Back in October, I wrote that the short-term prospects for Lake Park's infrastructure were grim, and that the long-term implications for its future didn't seem much brighter. I thought, looking back, that the tone of that piece was perhaps unduly bleak; I have seen in recent months, for instance, the floodwaters recede from the main paved roadway bisecting the park, enough to allow for easy access by motor vehicles.
Forgive me for not capturing the current state of the road on film, as my camera is currently uncooperative. But if you click back to that October entry, you'll note that the road was almost completely underwater beyond the turn-off to the playground. Currently (as of January 8), the water is gone from all but the shoulders where the road dips close to the lakes on either side. The ground alongside the road is completely saturated still, in places resembling a quicksand-like morass, and denying access to benches, dirt trails, and other lakeside nooks off the "beaten path."
The pavement looks faded and dry and cracked, and as if covered with a thin layer of white dust. A ranger at the front gate informed me that some potholes caused by the flooding were repaired, but more may appear in the future, as the full extent of destabilization isn't known.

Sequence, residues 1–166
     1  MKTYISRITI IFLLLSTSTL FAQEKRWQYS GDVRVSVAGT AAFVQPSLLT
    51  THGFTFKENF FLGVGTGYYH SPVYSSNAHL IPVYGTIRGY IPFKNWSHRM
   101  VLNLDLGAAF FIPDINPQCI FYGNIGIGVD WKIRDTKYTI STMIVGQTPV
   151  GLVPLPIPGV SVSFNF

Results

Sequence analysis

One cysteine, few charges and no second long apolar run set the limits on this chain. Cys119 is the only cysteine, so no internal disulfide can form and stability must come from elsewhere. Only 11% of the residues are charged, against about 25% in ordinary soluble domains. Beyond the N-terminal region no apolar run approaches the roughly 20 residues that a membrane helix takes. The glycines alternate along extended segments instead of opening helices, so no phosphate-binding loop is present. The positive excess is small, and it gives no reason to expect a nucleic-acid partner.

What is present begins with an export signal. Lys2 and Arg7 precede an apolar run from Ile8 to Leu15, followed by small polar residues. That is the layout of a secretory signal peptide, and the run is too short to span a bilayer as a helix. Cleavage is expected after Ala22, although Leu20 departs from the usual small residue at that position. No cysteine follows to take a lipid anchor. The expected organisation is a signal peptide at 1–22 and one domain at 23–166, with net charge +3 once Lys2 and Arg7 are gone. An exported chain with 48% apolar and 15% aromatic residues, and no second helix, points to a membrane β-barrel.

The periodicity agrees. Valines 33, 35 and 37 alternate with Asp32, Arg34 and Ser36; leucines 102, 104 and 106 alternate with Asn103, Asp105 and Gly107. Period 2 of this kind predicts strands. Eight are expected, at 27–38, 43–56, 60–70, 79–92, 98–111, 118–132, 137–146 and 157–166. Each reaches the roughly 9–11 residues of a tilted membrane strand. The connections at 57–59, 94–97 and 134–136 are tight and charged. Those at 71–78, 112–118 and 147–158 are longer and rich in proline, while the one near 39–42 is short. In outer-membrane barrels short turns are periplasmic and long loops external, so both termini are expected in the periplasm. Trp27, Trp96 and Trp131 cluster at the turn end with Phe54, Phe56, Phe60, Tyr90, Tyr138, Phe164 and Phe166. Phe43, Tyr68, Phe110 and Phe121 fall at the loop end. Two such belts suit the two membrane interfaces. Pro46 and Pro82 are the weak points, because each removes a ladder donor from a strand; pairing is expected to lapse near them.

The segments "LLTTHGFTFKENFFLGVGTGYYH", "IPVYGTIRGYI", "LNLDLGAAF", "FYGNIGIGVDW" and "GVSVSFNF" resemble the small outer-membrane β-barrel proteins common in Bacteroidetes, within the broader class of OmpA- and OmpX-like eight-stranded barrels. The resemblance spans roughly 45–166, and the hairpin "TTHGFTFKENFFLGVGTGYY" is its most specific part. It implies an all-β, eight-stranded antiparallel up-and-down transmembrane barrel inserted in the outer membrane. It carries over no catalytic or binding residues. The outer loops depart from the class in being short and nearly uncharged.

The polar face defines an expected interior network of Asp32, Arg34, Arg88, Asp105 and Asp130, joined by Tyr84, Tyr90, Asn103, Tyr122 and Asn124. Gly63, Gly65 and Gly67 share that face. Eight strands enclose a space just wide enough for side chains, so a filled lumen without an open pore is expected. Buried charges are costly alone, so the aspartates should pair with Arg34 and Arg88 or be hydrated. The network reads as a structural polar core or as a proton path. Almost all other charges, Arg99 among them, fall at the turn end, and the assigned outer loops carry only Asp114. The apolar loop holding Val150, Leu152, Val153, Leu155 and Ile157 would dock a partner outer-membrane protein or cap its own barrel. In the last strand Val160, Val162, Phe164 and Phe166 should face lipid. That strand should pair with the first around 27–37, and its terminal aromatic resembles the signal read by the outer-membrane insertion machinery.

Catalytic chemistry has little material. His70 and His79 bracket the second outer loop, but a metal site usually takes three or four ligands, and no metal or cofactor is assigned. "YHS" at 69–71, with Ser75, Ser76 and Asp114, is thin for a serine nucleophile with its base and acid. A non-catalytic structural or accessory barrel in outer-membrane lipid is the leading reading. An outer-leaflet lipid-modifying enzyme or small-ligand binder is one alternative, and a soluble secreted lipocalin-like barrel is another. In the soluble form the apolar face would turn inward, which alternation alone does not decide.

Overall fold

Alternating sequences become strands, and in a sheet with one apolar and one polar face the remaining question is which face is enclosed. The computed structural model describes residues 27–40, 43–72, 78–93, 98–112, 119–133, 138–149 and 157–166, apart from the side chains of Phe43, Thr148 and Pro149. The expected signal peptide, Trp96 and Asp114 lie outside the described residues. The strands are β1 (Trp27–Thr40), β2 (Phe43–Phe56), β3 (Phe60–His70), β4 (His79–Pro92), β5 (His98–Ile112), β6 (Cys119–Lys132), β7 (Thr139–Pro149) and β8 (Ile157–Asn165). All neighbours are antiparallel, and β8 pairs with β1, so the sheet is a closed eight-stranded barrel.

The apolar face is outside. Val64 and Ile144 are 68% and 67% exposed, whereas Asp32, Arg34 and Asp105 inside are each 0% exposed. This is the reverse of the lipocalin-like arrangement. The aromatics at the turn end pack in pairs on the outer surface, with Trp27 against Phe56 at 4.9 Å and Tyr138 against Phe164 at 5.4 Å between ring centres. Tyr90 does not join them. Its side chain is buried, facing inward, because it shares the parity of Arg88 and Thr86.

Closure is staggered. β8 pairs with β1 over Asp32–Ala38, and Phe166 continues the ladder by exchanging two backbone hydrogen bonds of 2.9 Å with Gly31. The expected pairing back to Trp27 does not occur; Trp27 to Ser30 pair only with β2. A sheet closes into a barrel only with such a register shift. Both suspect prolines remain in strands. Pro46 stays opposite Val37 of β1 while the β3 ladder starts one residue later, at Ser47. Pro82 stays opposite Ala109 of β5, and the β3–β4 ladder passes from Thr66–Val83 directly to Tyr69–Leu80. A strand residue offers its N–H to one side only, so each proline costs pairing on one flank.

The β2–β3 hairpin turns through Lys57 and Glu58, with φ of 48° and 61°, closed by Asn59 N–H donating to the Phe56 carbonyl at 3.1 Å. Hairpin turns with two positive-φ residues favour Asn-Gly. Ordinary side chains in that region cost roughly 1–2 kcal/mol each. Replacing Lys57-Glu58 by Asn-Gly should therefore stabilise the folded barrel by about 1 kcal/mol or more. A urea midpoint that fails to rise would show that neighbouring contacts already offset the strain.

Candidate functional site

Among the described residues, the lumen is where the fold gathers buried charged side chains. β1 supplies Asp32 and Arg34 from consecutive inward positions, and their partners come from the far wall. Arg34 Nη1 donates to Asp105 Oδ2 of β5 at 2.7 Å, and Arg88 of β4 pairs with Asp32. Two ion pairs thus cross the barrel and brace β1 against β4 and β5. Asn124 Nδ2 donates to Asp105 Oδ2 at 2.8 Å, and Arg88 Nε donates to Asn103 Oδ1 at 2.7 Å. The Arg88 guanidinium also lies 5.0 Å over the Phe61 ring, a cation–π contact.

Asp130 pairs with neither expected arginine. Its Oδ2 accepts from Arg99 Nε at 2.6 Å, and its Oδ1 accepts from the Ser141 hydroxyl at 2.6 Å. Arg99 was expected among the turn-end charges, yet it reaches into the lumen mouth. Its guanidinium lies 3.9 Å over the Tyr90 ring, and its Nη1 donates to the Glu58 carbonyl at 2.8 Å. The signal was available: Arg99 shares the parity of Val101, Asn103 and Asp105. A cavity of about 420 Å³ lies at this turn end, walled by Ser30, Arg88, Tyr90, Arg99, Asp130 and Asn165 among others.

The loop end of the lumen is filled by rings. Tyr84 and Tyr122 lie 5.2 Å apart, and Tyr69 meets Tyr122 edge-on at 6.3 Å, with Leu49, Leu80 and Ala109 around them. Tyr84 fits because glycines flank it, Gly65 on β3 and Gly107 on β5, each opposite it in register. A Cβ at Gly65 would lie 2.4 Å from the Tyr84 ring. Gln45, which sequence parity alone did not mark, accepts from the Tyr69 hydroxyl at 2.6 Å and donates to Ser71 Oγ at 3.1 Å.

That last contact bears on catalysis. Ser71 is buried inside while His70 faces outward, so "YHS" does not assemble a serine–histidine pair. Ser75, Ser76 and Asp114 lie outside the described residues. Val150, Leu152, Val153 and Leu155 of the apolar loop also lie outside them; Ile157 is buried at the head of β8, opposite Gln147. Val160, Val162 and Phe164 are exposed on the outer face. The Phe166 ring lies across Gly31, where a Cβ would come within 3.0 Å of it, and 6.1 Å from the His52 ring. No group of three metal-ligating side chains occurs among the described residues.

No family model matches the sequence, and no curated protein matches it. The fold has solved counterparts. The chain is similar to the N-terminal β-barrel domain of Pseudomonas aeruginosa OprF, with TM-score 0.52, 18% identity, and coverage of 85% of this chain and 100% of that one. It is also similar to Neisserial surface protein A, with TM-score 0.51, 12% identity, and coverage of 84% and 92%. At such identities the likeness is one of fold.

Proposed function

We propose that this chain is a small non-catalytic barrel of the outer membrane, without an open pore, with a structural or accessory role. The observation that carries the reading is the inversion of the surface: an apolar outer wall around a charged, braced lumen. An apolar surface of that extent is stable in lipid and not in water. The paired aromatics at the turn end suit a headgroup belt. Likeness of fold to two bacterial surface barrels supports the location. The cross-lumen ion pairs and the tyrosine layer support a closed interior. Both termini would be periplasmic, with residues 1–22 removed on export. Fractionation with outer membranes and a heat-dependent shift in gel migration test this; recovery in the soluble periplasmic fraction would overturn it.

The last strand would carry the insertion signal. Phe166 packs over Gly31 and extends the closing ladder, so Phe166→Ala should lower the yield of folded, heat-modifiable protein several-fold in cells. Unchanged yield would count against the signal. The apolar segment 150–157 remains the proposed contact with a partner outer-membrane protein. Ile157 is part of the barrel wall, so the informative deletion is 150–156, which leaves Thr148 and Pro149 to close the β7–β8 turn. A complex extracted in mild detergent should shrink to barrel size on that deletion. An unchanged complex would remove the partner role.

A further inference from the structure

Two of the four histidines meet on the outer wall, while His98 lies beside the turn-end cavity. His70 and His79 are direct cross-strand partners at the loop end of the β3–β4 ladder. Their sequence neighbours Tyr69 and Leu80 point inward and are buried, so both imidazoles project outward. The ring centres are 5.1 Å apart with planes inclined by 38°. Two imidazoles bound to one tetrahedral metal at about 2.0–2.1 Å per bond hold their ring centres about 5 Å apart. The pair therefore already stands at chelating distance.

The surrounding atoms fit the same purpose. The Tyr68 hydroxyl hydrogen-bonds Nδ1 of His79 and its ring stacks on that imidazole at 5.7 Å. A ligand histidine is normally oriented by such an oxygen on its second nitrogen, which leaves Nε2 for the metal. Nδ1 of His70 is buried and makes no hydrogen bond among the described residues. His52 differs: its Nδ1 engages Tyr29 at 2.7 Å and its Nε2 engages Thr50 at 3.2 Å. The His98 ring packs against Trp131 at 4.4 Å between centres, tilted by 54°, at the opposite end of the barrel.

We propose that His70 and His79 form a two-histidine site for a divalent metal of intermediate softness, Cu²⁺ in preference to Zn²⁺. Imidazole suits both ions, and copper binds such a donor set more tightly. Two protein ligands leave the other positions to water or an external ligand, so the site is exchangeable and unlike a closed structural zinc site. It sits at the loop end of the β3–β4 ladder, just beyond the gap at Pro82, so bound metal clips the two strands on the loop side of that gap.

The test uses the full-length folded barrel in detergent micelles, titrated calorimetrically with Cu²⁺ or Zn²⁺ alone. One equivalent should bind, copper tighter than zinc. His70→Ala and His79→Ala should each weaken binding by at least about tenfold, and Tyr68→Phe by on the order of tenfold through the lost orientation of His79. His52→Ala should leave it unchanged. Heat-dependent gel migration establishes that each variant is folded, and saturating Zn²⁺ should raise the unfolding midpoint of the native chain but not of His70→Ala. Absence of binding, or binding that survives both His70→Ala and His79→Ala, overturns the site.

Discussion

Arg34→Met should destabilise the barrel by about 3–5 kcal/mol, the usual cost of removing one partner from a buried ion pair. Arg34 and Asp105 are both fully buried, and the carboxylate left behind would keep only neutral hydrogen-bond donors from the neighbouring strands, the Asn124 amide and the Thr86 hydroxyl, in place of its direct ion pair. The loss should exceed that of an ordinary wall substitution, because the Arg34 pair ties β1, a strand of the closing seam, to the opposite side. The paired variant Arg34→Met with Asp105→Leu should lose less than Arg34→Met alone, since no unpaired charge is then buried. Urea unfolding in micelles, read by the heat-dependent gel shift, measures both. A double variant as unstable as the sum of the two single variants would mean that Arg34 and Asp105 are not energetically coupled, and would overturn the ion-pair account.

While the improved conditions are certainly welcome, especially in this cooler, dryer season, the coming months do not bode well for the road. I know, I'm sliding back into this pessimistic, ominous mode, but it's difficult to see how conditions won't be worse by June or July. The ranger I spoke to cited the presence of St. Joseph's Hospital on Van Dyke Road, and the effect of its massive asphalt parking lots on drainage within Lake Park, essentially the same diagnosis I received from another ranger last fall. Ongoing difficulties with the city of St. Petersburg (which curiously owns the land the park sits on), and their reluctance to use pumps to drain the water were mentioned also.
Looking at the big picture, no one seems to know exactly how the situation will develop, only that the roads will almost certainly be re-flooded once the rains start in earnest.
So, it was nice to see the roads cleared and (relatively) dry. It was a beautiful Sunday in the park in Northdale (in January, no less!). Regardless, my brain can't help but "drift" toward the summer months and lament that, as the days heat up, the water will most surely rise - and put Lake Park back in the same predicament it faced last fall.
Here's my post on Lake Park from October: